The Orthodox Church is the Church of the Apostles of Christ, the only continual, unbroken line of believers in our Lord and Savior Jesus Christ, from the time of His resurrection to this present day. The Church took birth on the day of Pentecost with the conversion and baptism of 3000 people after the descent of the Holy Spirit on the Apostles (Acts 2: 38-41). Literally translated “orthodox” originating from the Greek word orthos (right, correct) and doxa (glory, dogma) means “offering of glory to God in the right manner”. This term is used, to distinguish the “ straight Apostolic teaching” from the deviations that people have tried over years and centuries to introduce to the Christian teaching.
Throughout the world there are over 200 million Orthodox Christians, with about 6 million in America. They all share the same faith, the same services and same ethos. Their local customs vary, as well as the language of the services if they are immigrant communities.
People do not recognize that for the first 1000 years after Christ, the Church had a Unity of faith. This unity was broken only shortly before the Crusades, and it was broken by “legal” approaches to the Way of Life of a Christian by Latin theologians and later Popes of Rome, that were new and unacceptable “variations” to the One Holy Catholic and Apostolic Faith of the Church of Christ: the Orthodox Church. Less than 500 years later, the Protestant Reformation attempted to rectify many of these innovations. But Protestantism only reacted to Latin Theology and thus introduced countless new things, including the splintering of the body of Believers.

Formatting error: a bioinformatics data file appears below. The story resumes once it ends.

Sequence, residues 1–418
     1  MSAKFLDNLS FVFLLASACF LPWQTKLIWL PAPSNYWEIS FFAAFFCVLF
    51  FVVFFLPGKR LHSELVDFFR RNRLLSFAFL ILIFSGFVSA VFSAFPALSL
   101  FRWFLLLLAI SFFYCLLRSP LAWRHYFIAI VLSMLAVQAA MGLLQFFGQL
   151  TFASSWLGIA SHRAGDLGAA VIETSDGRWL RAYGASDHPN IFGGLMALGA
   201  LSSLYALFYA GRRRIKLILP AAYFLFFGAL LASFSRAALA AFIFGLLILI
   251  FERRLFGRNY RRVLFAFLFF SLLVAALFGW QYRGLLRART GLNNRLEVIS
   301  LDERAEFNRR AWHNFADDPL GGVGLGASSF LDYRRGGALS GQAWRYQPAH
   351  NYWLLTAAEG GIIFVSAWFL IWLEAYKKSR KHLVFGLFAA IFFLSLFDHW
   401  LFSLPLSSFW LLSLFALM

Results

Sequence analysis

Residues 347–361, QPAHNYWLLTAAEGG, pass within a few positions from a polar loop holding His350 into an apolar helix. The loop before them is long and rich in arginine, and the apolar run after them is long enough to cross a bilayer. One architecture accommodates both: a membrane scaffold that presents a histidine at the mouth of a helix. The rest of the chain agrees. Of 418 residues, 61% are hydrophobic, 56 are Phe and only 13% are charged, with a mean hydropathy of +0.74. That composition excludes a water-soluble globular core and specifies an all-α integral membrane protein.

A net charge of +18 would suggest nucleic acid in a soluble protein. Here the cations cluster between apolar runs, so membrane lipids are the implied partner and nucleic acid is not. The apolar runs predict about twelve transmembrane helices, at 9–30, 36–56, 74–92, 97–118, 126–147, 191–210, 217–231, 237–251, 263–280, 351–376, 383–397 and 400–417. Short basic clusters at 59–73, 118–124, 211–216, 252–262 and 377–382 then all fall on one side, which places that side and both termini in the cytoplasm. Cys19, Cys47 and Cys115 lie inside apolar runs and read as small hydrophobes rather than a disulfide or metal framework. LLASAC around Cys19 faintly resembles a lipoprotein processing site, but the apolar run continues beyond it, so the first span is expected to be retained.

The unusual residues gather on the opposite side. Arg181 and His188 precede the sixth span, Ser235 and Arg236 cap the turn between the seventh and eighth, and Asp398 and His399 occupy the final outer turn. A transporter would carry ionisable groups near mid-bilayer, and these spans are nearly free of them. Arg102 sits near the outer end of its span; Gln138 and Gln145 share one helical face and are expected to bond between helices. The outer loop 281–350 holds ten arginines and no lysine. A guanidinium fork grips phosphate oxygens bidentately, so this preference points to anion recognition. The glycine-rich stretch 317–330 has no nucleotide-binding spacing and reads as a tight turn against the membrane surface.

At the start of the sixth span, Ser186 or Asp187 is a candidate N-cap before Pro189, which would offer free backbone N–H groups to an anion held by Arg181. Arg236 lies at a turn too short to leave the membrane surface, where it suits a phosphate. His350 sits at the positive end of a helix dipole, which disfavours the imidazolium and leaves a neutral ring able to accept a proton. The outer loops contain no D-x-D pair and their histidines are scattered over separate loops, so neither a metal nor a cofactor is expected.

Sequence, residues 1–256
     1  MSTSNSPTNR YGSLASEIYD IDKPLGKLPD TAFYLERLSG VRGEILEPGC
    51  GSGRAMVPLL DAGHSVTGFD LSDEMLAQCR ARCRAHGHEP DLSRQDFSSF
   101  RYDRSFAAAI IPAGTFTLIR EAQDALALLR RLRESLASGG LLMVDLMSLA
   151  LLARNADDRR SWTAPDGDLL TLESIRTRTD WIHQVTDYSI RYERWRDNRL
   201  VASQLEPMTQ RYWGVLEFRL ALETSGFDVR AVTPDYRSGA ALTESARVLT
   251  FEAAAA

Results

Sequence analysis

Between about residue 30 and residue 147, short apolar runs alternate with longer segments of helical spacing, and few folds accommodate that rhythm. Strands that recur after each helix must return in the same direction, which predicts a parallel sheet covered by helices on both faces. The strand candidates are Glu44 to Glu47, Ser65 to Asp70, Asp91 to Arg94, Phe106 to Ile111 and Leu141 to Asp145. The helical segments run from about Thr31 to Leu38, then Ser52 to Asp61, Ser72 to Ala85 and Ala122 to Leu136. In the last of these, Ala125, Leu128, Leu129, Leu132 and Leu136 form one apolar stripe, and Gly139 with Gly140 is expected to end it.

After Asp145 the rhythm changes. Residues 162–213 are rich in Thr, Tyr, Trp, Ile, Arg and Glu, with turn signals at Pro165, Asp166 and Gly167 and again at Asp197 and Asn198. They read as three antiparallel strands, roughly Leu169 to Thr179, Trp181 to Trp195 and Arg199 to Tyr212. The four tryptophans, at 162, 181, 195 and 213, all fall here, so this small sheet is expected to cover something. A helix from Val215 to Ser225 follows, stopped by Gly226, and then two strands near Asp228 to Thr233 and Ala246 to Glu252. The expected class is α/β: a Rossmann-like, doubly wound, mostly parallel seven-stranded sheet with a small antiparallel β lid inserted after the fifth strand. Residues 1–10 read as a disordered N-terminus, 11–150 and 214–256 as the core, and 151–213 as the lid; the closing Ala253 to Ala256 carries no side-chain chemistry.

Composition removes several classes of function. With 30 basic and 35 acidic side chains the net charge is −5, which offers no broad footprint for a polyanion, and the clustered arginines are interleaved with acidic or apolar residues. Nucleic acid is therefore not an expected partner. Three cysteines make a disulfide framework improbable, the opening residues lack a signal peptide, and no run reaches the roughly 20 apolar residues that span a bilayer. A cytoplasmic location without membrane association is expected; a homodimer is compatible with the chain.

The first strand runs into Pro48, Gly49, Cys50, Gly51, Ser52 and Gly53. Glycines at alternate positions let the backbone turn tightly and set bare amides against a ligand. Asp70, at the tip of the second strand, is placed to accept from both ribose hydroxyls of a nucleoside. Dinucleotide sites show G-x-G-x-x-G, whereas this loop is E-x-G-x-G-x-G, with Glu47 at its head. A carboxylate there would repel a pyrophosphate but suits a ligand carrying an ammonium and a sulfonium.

To this day, Orthodox Christians believe the Apostolic truth that Unity of faith from generation to generation cannot be compromised. It is for this reason that the Orthodox Church has remained intact without “changing its mind” about things to accommodate societal trends. It teaches its faithful to elevate themselves to God rather than to bring God down to their own standards.
In “government”, a local church with the blessing of their priest(s) and bishop decides all local issues. When issues of faith arise, the entire Church, that is bishops or their representatives must gather in a Council and through the guidance and illumination of the Holy Spirit make the necessary decisions. The Orthodox Church is based on the seven ecumenical councils that have taken place throughout the centuries the first one being in Nicaea in 325 A.D.
Orthodox Christianity finds its “being and heart” in its spirituality. Over and over it is called the Church of the elders, of prayer and fasting, of constant asceticism, of the struggle to improve one’s spiritual life and of unyielding war with the evil one. It is not named after a person or a place as other denominations are, but rather by its “vision of glorifying God in the kingdom of heaven”.
It is true that there exists in the world today a multitude of Christian confessions which call themselves churches. Not only do they not have any common ground or link between themselves but also show hostility towards one another. Is the unity of the Church hence destroyed? Has the Church been in this way broken up in numerous denominations making lose its unity? We have to mention that above all, through the
Orthodox ecclesiology, the Church in its nature is undivided and will stay so until the end of times. The schisms that resulted from the various heresies did not fragment the church but the heretics rather separated themselves from the Church breaking off every link they may have had. Heresy characterizes itself by opposing with conscience to the teaching of the Church. The unity of the Church is conditionally through the unity of the Eucharist; there could be no Eucharistic communion further than the Church. We pray in the Liturgy of St. Basil:”And unite all of us to one another who become partakers of the one Bread and Cup in the communion of the Holy Spirit.”